Acne cleansers are often one of the first true skin care products we start with when hormones start kicking in. Read more...
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Acne cleansers are often one of the first true skin care products we start with when hormones start kicking in. Navigating aisles and figuring out which one to try can be daunting for parents and early teens or tweens. Also, remember this is a time when kids are just learning how to care for their skin on a daily basis!
How to Start a Skin Care Routine
There are some skincare basics to really learn to get your routine off to a great start. Essentially we have some basic skin needs that should be covered.
The Basics for Skincare
Cleanse your skin
Protect your skin
Repair your skin, if needed
How to accomplish these steps will vary from person to person based on your own time and other commitments. Although it would be great if everyone could set aside time every morning and evening for our skin, this can be a challenge at first. Instead of focusing on rigid routines, I counsel you to first start by seamlessly integrating these basic steps into your existing day-to-day habits. Once this is accomplished, over time it is natural to expand on this routine.
For cleansing, this may mean that you set aside time in the morning and/or evening to wash your face. For others, it may mean that you take a moment to wash your face in the shower. For first-time acne wash users, placing the acne cleanser in the shower may be the most effective way to accomplish this step.
For protecting the skin, remember that inflammation is one of the components of acne. If our skin is irritated or inflamed, this can contribute to breakouts. Taking the time to apply a moisturizer or a moisturizer with sunscreen added can help repair the skin to make it less acne prone, especially if choosing a non-comedogenic product.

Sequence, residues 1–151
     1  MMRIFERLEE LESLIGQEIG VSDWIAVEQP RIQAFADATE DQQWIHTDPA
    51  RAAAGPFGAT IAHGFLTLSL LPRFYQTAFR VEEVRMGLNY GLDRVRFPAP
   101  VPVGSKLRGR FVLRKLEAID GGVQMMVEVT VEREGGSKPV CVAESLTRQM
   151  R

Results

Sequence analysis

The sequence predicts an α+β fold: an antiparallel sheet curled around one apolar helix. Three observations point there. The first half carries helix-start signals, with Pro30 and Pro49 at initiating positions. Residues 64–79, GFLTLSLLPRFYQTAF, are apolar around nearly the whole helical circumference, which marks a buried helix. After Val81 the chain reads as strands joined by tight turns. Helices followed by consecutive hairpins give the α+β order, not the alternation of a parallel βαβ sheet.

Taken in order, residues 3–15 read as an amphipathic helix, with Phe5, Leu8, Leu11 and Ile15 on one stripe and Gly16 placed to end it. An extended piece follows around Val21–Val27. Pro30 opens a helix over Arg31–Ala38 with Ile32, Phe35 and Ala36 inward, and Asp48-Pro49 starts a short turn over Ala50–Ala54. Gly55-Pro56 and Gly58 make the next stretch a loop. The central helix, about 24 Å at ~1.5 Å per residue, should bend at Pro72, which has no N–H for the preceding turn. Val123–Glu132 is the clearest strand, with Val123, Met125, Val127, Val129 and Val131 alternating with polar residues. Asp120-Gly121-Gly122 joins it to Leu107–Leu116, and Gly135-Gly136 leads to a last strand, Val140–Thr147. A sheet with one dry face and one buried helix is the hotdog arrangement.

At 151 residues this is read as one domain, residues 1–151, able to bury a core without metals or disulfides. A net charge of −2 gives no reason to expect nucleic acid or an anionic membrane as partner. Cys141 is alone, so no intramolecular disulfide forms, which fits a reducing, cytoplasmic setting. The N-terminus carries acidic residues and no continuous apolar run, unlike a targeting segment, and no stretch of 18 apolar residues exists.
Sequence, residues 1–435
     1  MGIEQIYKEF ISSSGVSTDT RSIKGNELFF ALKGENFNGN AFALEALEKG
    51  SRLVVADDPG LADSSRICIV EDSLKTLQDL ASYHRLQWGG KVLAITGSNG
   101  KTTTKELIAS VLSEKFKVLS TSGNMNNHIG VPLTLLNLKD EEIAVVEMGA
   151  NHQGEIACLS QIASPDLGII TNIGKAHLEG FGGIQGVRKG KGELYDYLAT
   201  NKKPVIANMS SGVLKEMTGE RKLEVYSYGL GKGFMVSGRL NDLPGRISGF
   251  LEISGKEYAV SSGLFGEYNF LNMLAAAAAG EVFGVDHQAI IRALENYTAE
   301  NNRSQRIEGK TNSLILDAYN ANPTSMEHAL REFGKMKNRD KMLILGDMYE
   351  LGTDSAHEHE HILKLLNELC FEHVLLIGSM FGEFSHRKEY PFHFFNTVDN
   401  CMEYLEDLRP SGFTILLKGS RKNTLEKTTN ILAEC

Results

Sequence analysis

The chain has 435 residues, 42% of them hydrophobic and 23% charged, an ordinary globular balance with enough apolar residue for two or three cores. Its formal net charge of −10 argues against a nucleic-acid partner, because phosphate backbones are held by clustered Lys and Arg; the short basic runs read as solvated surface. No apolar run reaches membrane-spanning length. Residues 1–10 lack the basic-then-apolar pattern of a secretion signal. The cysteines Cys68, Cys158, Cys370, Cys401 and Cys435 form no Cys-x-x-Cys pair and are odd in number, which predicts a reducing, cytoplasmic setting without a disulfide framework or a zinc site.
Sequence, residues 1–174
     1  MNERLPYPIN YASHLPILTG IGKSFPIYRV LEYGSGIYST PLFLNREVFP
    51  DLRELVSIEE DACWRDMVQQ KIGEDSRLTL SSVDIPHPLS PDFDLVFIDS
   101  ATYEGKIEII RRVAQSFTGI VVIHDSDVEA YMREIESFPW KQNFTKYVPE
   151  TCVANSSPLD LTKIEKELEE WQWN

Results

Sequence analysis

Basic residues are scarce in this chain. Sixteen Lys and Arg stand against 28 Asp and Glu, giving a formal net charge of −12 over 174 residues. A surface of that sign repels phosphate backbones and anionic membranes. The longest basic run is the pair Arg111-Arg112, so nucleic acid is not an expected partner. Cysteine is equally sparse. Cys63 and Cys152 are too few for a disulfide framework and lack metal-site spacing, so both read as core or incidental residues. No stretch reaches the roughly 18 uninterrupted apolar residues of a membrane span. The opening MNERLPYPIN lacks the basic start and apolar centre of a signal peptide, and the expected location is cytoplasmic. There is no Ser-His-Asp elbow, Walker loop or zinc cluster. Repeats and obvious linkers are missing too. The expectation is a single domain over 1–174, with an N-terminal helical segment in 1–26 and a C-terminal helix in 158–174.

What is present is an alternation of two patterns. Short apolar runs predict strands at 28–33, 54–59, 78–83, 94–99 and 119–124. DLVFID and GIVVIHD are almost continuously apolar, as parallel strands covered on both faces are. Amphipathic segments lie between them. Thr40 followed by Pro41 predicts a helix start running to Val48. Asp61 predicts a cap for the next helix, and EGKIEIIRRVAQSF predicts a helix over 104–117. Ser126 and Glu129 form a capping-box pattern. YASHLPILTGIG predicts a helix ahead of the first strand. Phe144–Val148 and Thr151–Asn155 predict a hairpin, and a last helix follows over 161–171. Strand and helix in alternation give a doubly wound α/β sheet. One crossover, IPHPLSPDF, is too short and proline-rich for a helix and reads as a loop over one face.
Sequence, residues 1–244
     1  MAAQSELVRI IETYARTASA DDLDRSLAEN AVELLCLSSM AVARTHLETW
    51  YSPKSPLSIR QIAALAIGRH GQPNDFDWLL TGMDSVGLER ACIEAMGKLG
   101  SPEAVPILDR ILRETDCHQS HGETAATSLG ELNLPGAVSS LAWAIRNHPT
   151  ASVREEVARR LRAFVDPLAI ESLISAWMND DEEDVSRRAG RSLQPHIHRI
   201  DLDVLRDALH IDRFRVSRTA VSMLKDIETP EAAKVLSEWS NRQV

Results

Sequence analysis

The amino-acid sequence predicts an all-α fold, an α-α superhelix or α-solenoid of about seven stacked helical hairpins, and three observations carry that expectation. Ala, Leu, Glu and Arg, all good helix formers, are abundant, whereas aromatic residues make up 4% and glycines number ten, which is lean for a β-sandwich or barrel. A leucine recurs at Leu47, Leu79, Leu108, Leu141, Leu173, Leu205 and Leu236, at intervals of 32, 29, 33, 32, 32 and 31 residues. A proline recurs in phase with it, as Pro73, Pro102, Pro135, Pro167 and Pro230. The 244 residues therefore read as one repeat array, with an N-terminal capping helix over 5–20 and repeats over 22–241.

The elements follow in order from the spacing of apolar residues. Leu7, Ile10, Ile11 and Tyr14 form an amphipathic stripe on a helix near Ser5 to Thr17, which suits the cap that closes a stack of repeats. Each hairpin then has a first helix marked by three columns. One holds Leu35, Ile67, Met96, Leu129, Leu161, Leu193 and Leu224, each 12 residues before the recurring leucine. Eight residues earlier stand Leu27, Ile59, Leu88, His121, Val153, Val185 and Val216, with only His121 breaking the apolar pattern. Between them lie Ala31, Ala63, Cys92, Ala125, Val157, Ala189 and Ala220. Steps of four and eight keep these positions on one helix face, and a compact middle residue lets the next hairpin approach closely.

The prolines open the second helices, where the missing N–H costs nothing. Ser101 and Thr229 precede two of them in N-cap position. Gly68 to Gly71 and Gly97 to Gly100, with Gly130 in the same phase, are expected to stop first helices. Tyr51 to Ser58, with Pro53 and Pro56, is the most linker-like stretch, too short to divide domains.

And, lastly, repairing the skin is focused on taking a moment to look at your skin and determine what bothers you about your skin. If you are dealing with breakouts, this is an opportunity to use either a spot treatment to focus on problem areas or overall treatments focused on the prevention and treatment of acne.
Now onto ...
The Basics for Acne
Acne is primarily made up of 4 main components:
Bacteria (Cutibacterium acnes, formerly known as Propionibacterium acnes)
Although there are a number of contributing factors to causing acne, hormonal changes tend to lay the foundation for these to trigger breakouts.
For this post, I will focus on step 1 in your skincare routine for acne: Cleansing.
The main ingredients to focus on in the acne aisle include :
✔️ Early acne ✔️ Mild acne ✔️ Sensitive skin
This cleanser contains salicylic acid as its active ingredient to reduce oil and buildup on acne-prone skin. It’s a great “starter” acne product. Most middle school / junior high-aged kids are just learning to wash their faces daily and develop a routine. I find that having them start by using this product in the shower introduces them to cleansing their face, shoulders, and back with added goals in mind. The goal is cleansing and preventing/ treating acne.
Good for... ✔️ Inflamed acne ✔️ Oily skin Addresses... ✔️Excess Keratin ✔️Excess Oil ✔️Bacteria
When acne is a bit more aggressive or widespread- face, chest, and back - switching to a benzoyl peroxide cleanser is often the next step. The additional benefit for improving acne, especially back acne and inflamed acne, can come at the price of more dryness. Cleansers are great because they do not stay in contact with your skin for too long making them effective without being too irritating for the skin. My patients that play sports, sweat, and feel like they get breakouts on their shoulders and back find this cleanser a nice option. Be mindful of the bleaching effect of benzoyl peroxide on towels and bath mats, however!
Good for... ✔️ Most types of acne ✔️ Oily skin ✔️ Sensitive skin Addresses... ✔️Excess Keratin ✔️Excess Oil ✔️Bacteria ✔️Inflammation
Although sulfur is not widely found in acne cleansers, it actually addresses each aspect of acne from excess keratin and oil, to bacteria, and inflammation. There can be an odor associated with sulfur-containing products that can make them less favorable to some.
Good for... ✔️ Oily skin Addresses... ✔️Excess Oil
Charcoal applied to the skin is overall harmless and is not likely to irritate the skin. The theory behind adding it to products is that it may possibly absorb extra oil from the skin. If you have found a benefit in treating your scalp with charcoal-containing topicals then it is perfectly ok to continue. It would likely be best for people that have an oily scalp. It is a milder alternative to help reduce the oiliness without excessively drying the skin or hair.